Skip to main content
ad info
  health > aging AIDS Aging Alternative Medicine Cancer Children Diet & Fitness Men Women
    Editions | myCNN | Video | Audio | Headline News Brief | Feedback  




New treatments hold out hope for breast cancer patients



Thousands dead in India; quake toll rapidly rising

Israelis, Palestinians make final push before Israeli election

Davos protesters confront police


4:30pm ET, 4/16










CNN Websites
Networks image

Alzheimer's vaccine appears safe in human testing

Results presented at first World Congress on Alzheimer's


July 11, 2000
Web posted at: 10:01 a.m. EDT (1401 GMT)

WASHINGTON (CNN) -- An experimental vaccine designed to fight Alzheimer's disease appears to be safe in humans.

Scientists with Elan Pharmaceuticals released their results Tuesday at the World Alzheimer's Congress. They show phase one trials, designed to assess safety, are encouraging.

"It's gone remarkably smoothly. In the U.S. we've done single dose studies and they're nearly complete and so far things have gone remarkably well. We've not encountered any problems at all in Alzheimer's patients themselves," Dr. Dale Schenk, vice president of discovery research at Elan Pharmaceuticals told CNN Medical News.

  • description
  • risk
  • symptoms
  • treatment
  • prevention
    Source: WebMD


    "By the end of the year we hope to make significant conclusions from those phase one studies, so that sometime in 2001 we can actually begin the key pivotal studies to see just how the vaccine's working."

    The current safety trials are taking place in the United States and United Kingdom. When they're completed, the studies will expand to include several hundred patients at a number of medical institutions.

    "Assuming everything works out, this vaccine not only will treat Alzheimer's Disease, but will also prevent Alzheimer's. It will completely change the face of Alzheimer's therapeutics now and forever if it works," said Dr. Ivan Lieberburg, executive vice president and chief science and medical officer for the Elan Corporation.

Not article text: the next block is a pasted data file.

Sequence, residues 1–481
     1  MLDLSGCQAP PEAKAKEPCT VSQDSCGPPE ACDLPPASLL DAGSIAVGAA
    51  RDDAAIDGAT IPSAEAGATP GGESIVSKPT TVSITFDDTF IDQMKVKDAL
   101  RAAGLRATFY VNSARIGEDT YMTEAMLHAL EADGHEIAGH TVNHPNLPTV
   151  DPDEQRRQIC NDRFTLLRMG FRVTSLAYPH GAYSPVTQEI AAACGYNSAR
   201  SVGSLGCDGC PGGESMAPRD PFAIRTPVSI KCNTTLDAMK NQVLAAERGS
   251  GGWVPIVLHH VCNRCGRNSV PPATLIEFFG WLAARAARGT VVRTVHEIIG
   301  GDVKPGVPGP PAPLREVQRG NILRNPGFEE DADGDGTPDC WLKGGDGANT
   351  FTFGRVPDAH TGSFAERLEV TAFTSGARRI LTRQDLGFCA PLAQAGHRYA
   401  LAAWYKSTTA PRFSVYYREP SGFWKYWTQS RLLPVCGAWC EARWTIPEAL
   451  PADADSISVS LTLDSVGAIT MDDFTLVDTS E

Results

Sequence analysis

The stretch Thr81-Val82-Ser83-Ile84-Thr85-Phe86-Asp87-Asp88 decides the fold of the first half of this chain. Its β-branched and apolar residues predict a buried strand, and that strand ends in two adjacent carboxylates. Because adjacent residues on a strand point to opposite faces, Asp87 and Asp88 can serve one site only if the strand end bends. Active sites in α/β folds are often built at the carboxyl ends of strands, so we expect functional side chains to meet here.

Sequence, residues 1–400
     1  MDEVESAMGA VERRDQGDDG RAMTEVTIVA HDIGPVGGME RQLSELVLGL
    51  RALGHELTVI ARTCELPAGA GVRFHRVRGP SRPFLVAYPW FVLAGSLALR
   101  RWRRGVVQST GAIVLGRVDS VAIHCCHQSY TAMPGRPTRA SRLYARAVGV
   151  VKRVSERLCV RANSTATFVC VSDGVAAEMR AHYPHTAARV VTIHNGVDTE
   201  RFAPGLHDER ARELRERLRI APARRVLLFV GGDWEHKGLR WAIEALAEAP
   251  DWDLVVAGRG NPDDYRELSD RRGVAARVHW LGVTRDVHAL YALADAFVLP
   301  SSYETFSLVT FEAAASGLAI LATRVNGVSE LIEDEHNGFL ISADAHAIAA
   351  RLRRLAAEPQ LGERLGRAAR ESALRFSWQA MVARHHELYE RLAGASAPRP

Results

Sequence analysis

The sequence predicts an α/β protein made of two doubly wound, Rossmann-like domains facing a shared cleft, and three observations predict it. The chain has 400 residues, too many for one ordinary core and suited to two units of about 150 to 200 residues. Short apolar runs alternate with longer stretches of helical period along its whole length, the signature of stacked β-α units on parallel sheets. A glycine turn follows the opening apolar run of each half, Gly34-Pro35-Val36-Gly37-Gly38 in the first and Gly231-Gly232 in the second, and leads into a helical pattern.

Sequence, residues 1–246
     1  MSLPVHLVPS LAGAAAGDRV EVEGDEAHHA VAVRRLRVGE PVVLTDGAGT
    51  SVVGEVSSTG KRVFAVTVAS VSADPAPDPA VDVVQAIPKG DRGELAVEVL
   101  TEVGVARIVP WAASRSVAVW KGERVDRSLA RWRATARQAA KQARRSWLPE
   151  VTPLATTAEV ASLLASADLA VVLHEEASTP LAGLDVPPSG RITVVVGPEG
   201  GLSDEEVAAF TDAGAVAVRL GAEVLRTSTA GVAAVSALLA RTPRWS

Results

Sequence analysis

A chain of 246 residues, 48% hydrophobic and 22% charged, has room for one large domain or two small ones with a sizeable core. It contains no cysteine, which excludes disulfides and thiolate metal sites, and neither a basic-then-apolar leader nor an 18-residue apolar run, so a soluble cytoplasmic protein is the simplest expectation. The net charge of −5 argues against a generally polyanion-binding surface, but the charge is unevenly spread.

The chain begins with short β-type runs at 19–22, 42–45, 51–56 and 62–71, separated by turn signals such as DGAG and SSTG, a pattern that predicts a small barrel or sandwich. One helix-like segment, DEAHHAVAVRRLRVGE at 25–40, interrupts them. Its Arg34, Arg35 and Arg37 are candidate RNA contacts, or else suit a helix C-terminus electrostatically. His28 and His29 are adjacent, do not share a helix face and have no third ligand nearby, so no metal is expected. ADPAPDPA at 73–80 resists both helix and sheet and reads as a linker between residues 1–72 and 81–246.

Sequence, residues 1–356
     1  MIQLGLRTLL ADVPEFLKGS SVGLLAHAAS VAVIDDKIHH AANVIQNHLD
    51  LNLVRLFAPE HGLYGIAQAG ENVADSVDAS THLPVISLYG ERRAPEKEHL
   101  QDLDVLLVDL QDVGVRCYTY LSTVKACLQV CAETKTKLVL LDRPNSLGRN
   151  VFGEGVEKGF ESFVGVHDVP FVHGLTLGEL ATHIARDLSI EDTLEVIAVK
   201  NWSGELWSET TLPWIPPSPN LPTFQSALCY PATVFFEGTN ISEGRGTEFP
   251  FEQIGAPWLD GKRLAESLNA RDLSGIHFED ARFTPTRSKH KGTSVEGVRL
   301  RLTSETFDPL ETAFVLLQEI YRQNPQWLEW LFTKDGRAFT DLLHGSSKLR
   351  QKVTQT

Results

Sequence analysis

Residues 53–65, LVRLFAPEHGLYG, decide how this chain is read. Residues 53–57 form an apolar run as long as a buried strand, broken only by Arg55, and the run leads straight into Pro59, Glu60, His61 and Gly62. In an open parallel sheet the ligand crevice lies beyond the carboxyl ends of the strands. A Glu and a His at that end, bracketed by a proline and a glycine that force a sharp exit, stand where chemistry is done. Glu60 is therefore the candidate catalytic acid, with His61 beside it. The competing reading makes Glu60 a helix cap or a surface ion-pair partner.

One year ago Elan researchers reported remarkable results of the vaccine in mice. Mice immunized at a young age were protected from Alzheimer's. In animals who already had the disease, the disease was halted and in some cases reversed.

    "The amount of reduction of brain pathology was truly remarkable. It was as much as 99 percent reduced in animals that were treated with this vaccine," said Schenk.

    Two other research teams have verified Elan's promising results in mice at the meeting. They've taken the work a step further, showing the vaccine produced improvements in behavior.

    In addition, researchers and Brigham and Women's Hospital report encouraging results with a similar, nasal vaccine. "There is a 50-60 percent decrease in the amount of amyloid plaques and indeed the amount of a-beta proteins in the brains of mice who have gotten chronic nasal treatment," their report said.

    Although it will take time to see if humans have the same results, other researchers say the safety trial results are encouraging.

    "I think the vaccine immunization hypothesis is very exciting," said Dr. Ronald Peterson of the Mayo Clinic. "There is a lot of work that needs to be done with regards to its safety, its effectiveness, whether it will work in humans as it has in mice. But nevertheless, the major hypothesis is still very interesting for the possibility of prevention of the disease."

    The vaccines are designed to attack the characteristic brain plaques of Alzheimer's. There is still some debate over whether the amyloid plaques are the cause of Alzheimer's dementia. The final outcome of the vaccine studies in humans should either prove or disprove the amyloid plaque theory as the cause of the disease.

    Forgetful? Don't Assume It's Alzheimer's Disease
    July 10, 2000
    Alzheimer's Disease
    Alzheimer's: Few Clues on the Mysteries of Memory
    Experts fear large increase in Alzheimer’s as more people live longer
    July 11, 2000
    New use of brain scan may yield delays in Alzheimer's symptoms
    May 15, 2000
    Researchers find evidence that brain 'plaque' causes Alzheimer's
    March 21, 2000
    Study: Estrogen not effective treatment for Alzheimer's
    February 22, 2000
    Family size, environment may increase Alzheimer's risk, study says
    January 24, 2000
    Brain enzymes could be key to Alzheimer's treatment- October 25, 1999
    October 26, 1999
    Alzheimer's vaccine seen as treatment, not cure
    July 8, 1999

    Mayo Clinic Health Oasis: Information on Cancer - Alzheimer's Disease - Heart Disease and more
    Alzheimer's Association
    University of California, San Diego
    Columbia University
    Duke University

    Note: Pages will open in a new browser window
    External sites are not endorsed by CNN Interactive.

    Back to the top   © 2001 Cable News Network. All Rights Reserved.
    Terms under which this service is provided to you.
    Read our privacy guidelines.